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Contributory Negligence vs. Comparative Negligence: Here’s What You Need to Know

An accident is one of those events that has disastrous consequences for everyone involved. It can cause injuries that can change one’s outlook on life.

It might leave the victim with deep financial stress that may take a while to recover from. Then there are chances of the victim losing their life in an accident.

All these will have a devastating effect on the victim.

Although an accident is an irreversible event, one can take measures to minimize its impact.

This is done with the assistance of reputable law firms, like Golden State Lawyers, APC . These law firms strive to provide victims with the legal assistance required to acquire fair compensation.

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There are multiple reasons why you need a lawyer. One of the more important reasons is to tackle the defense statements put forth by the insurance company.

Insurance companies are for-profit organizations. They’ll employ numerous tactics to deny giving out compensation or, at the very least, reduce the amount they have to pay.

One such defense is shifting the blame on the victim, calling them the negligent party.


Negligence is defined as the failure of an individual to act with the level of care that is expected of a reasonable individual.

To establish negligence, the victim has to prove four elements. They are:

  1. Duty of care
  2. Breach of duty of care
  3. Causation
  4. Damages

The victim must prove each element to receive compensation for their losses and damages. However, there are cases where the victim had a role to play in the accident.

Here, two concepts of shared negligence come into play. They are:

  • Contributory negligence
  • Comparative negligence

Each has its own set of pros and cons. We’ll discuss them in the sections below.

Contributory Negligence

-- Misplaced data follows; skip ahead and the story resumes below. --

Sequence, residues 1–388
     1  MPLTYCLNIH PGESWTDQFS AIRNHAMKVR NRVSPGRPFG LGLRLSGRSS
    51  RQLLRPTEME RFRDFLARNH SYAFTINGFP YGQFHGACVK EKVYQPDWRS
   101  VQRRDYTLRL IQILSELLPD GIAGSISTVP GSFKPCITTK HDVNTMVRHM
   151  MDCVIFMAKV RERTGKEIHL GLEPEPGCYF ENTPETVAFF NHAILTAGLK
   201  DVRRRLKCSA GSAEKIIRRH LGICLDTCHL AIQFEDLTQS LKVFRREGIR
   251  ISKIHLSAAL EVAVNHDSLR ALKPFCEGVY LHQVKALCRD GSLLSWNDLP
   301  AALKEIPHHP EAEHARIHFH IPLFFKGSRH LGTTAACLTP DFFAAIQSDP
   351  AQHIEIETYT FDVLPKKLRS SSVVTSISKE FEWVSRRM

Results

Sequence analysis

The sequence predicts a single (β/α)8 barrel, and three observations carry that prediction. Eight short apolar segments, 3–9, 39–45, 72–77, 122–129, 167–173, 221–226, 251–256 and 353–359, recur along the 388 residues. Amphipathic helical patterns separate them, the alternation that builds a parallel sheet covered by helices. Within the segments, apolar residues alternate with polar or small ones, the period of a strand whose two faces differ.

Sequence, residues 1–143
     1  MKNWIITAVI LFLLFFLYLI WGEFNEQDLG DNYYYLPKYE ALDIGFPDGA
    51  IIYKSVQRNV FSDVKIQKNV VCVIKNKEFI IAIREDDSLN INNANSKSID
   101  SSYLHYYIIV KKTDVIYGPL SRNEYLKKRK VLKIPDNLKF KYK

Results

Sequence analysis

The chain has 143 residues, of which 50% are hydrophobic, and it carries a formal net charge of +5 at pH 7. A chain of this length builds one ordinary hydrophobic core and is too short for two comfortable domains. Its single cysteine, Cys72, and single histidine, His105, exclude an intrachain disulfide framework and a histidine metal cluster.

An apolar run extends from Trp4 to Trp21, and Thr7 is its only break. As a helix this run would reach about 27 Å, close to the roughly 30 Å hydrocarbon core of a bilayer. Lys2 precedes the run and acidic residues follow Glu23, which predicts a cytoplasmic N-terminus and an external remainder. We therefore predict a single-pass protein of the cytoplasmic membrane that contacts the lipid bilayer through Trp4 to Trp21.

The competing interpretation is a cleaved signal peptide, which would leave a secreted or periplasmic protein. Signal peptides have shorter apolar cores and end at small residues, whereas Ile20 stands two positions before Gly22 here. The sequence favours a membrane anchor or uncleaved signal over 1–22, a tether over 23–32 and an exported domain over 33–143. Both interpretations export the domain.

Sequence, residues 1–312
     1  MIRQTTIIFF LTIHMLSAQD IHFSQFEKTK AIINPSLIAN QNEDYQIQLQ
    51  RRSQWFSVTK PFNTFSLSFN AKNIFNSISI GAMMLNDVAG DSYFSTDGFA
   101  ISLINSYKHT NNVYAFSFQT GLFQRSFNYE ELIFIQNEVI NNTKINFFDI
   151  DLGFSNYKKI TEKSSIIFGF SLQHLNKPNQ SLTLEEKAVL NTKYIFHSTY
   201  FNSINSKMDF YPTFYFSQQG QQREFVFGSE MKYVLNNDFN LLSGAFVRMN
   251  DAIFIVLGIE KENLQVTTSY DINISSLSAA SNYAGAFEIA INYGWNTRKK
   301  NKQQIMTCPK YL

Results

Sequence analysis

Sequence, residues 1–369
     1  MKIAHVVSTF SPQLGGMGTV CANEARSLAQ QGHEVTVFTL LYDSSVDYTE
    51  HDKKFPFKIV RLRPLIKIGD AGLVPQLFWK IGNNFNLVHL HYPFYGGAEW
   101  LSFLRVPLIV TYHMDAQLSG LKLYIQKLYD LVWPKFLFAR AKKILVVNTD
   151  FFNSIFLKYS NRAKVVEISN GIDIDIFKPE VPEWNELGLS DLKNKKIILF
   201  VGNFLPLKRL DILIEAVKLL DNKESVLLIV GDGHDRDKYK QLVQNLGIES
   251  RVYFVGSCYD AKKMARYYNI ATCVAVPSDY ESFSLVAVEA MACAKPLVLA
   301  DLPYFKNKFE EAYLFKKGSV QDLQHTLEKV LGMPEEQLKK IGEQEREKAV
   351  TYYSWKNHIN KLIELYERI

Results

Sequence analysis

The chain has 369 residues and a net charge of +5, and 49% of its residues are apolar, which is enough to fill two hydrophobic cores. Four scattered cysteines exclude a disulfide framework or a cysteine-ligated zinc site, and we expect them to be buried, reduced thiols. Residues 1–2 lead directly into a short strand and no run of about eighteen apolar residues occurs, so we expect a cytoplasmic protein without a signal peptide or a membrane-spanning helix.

Under contributory negligence rules, the victim will be denied compensation if they’re found to have played a role in the accident. The victim will be denied compensation, no matter how small their role may be.

Say, for instance, that a drunk driver hits and injures a motorcyclist who was driving between slow-moving cars.

The driver is at fault for operating the vehicle while intoxicated, and the motorcyclist is at fault for engaging in lane splitting.

However, the motorcyclist cannot recover compensation from the drunk driver as they are partially responsible for the accident.

The following states practice contributory negligence rules:

  • Alabama
  • Maryland
  • North Carolina
  • Virginia
  • Washington, D.C.

Comparative Negligence

Comparative negligence is similar to contributory negligence, but the consequences of the victim having a role in the accident are different.

According to comparative negligence rules, victims are eligible for compensation even if they had a role to play in the accident. Their compensation, however, takes a hit.

Victims who were partially responsible for the accident that caused their injuries can recover compensation that is less than the requested amount.

The percentage reduced will depend on the victim’s level of involvement in the accident.

Consider the previous drunk driver example. According to comparative negligence rules, the motorcyclist can recover damages for all the losses and damages they’ve suffered.

But a percentage will be reduced from the final amount as they engage in lane splitting.

Comparative negligence is of two types. They are,

  • Pure Comparative Negligence: The compensation the victim receives depends on their level of involvement in the accident. If they were 30% responsible for the accident, they’re eligible for 70% of the compensation. If they’re 99% responsible, they can still seek the 1% as compensation.
  • Modified Comparative Negligence: The victim can recover damages only if the at-fault party had 50% or more responsibility for the accident. Some states have the limit at 50%, while others have it at 51%. If the at-fault party’s role is less than 51% or 50%, the victim doesn’t have a valid case.


Comparative and contributory negligence are two common defenses used by the at-fault party’s insurance company.

They are mostly used as a last-ditch effort to reduce compensation or avoid paying it altogether.

It’s at times like this that a lawyer is essential. A lawyer helps victims navigate all the difficulties that arise during a personal injury claim.

With their assistance, victims can get the compensation they deserve.